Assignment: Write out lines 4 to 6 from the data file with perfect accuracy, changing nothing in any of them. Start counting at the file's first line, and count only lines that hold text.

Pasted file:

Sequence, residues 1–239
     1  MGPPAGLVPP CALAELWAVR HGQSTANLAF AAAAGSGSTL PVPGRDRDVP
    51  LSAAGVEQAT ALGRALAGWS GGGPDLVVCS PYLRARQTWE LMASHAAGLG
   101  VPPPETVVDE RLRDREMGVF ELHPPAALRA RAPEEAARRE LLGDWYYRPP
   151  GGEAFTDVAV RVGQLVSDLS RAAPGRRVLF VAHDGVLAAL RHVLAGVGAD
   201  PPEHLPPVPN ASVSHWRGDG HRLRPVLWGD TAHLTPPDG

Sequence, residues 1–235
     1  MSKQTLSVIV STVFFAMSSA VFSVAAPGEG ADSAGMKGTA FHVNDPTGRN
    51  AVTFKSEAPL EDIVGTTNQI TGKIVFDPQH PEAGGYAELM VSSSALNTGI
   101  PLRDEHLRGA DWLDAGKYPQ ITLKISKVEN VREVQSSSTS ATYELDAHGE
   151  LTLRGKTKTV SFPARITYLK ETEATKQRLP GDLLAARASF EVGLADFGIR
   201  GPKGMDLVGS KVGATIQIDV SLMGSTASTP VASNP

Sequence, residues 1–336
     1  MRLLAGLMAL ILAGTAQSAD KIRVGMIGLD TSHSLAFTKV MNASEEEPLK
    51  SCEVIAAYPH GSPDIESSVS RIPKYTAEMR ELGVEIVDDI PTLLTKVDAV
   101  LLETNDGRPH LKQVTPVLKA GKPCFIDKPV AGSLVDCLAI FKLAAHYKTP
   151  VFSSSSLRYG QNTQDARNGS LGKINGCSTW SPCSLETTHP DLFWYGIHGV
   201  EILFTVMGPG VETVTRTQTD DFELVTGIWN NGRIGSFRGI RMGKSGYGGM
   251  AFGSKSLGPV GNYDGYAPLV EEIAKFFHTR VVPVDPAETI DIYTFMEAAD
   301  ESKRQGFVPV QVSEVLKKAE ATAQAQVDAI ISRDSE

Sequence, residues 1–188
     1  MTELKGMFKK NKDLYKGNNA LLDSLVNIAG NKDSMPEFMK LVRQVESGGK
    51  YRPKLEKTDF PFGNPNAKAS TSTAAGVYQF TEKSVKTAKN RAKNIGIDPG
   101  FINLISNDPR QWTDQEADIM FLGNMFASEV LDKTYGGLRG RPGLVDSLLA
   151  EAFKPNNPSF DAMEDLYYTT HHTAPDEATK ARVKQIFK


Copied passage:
   101  VPPPETVVDE RLRDREMGVF ELHPPAALRA RAPEEAARRE LLGDWYYRPP
   151  GGEAFTDVAV RVGQLVSDLS RAAPGRRVLF VAHDGVLAAL RHVLAGVGAD
   201  PPEHLPPVPN ASVSHWRGDG HRLRPVLWGD TAHLTPPDG